By Nancy J. Farrier
I sat beside my dad in his room at the nursing home and watched my mom leave with the burnt sugar cake she’d made for his birthday. We’d already done the song and candles. She wanted to share the cake with staff members before we all sat down for our dessert and time together. This was my dad’s first birthday since he’d been in the nursing home and this celebration had a bittersweet quality.
As mom disappeared through the doorway, dad leaned close to me and said, “Don’t tell your mom, but I’ve never liked that cake.”
Shocked speechless, I gawked open-mouthed for a minute before blurting, “You don’t like burnt sugar cake?” He stared at me with his bright blue eyes and his mouth twisted in a wry expression. By this time, dad rarely spoke and before long he would lose all ability for speech. One of the final things he verbalized to me stated that he’d never liked the special cake my mom made just for him all these years. Why?
The shock my dad gave me reminds me of those times I’ve read a surprising revelation by a character in a book. Or, the times I’ve written in those twists. You know what I mean–the moment when a character does something startling and you have to consider why they acted in such a way.
If the author does a good job building the character, the reader can look back at the clues and see what led up to the momentous decision. The reader has an ah-ha moment when all the little pieces click in place. What appeared to be a random action or statement, becomes a revelation that leaves the one with great satisfaction and understanding of why it all took place. There is now an added depth to that character, leaving the reader with greater appreciation of the story.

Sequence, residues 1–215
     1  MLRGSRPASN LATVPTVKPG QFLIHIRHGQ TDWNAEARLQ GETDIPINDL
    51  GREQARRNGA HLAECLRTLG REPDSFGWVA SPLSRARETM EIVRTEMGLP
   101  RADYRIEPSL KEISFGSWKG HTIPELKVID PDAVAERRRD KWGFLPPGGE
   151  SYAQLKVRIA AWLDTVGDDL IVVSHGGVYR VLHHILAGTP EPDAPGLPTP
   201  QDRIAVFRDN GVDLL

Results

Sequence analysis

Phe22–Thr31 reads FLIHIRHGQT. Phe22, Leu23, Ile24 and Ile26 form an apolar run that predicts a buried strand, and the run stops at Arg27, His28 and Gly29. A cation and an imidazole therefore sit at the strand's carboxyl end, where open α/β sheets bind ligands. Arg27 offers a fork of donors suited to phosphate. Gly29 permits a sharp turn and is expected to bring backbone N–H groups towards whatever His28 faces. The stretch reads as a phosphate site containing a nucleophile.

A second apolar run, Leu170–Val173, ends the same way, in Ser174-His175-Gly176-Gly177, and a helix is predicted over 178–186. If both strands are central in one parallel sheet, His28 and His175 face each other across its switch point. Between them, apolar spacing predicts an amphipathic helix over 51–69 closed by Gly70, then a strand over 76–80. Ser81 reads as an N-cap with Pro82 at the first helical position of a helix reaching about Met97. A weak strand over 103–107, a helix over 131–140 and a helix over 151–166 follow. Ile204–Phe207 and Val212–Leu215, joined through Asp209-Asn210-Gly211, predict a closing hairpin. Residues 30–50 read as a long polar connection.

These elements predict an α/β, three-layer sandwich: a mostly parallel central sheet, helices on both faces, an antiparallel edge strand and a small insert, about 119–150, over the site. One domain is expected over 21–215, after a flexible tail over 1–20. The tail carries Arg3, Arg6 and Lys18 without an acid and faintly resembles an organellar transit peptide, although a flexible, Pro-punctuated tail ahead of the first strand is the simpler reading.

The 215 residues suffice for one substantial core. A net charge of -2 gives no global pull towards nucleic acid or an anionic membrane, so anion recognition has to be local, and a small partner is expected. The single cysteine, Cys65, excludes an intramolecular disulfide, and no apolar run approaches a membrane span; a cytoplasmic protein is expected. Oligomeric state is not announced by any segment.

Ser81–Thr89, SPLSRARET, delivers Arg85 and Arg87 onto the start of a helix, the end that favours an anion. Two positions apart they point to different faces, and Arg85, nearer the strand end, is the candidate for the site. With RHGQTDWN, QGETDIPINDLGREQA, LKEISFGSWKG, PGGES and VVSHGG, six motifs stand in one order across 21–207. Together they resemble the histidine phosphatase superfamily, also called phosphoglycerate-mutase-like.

Why did my dad say he didn’t like the cake my mom baked for him? As I pondered this question, I discovered two clues. First, my dad loved pie. He always said he liked two kinds of pie—hot and cold. He ate cake, but didn’t like cake like he did pie.
Second, my dad had the greatest love for my mom. He knew the burnt sugar cake took finesse to make. (The sugar had to be cooked just right to bring out the flavor without a burned taste.) Because mom worked so hard, he ate that cake for years and never let anyone know he didn’t like the flavor. None of us had a clue because he never complained.
When I considered his surprising statement in light of his love of pie, and his love for my mom, I had a deeper understanding of my dad’s godliness and an admiration for him that I hadn’t known before. This is the type of divulgence an author needs to strive for in their books.